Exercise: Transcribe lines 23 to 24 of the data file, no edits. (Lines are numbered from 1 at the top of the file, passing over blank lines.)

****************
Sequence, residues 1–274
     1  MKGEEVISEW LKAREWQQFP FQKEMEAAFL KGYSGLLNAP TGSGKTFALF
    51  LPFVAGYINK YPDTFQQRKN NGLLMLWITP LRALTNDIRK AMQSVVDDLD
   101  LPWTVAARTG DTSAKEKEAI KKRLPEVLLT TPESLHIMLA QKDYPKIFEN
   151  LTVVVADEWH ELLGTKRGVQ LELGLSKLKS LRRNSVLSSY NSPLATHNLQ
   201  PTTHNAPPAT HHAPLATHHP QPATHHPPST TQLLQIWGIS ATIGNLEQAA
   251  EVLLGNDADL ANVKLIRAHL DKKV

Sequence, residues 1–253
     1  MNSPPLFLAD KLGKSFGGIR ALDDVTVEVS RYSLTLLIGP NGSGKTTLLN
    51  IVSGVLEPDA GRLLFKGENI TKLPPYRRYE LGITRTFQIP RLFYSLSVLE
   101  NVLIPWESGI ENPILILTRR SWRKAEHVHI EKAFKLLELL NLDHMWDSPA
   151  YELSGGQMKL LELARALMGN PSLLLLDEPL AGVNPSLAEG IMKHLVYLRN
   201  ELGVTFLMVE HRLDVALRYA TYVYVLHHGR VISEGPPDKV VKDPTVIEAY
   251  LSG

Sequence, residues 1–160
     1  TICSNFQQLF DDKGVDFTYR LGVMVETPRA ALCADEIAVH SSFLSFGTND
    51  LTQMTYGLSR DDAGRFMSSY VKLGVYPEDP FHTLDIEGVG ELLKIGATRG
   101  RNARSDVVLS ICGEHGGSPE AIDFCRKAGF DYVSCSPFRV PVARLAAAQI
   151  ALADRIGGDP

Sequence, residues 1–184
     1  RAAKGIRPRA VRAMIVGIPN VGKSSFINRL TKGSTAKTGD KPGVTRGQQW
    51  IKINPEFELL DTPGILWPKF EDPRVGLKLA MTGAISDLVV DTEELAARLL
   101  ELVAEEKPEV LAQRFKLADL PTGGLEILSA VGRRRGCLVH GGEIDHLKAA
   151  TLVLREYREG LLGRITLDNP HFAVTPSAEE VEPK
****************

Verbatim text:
   101  ELVAEEKPEV LAQRFKLADL PTGGLEILSA VGRRRGCLVH GGEIDHLKAA
   151  TLVLREYREG LLGRITLDNP HFAVTPSAEE VEPK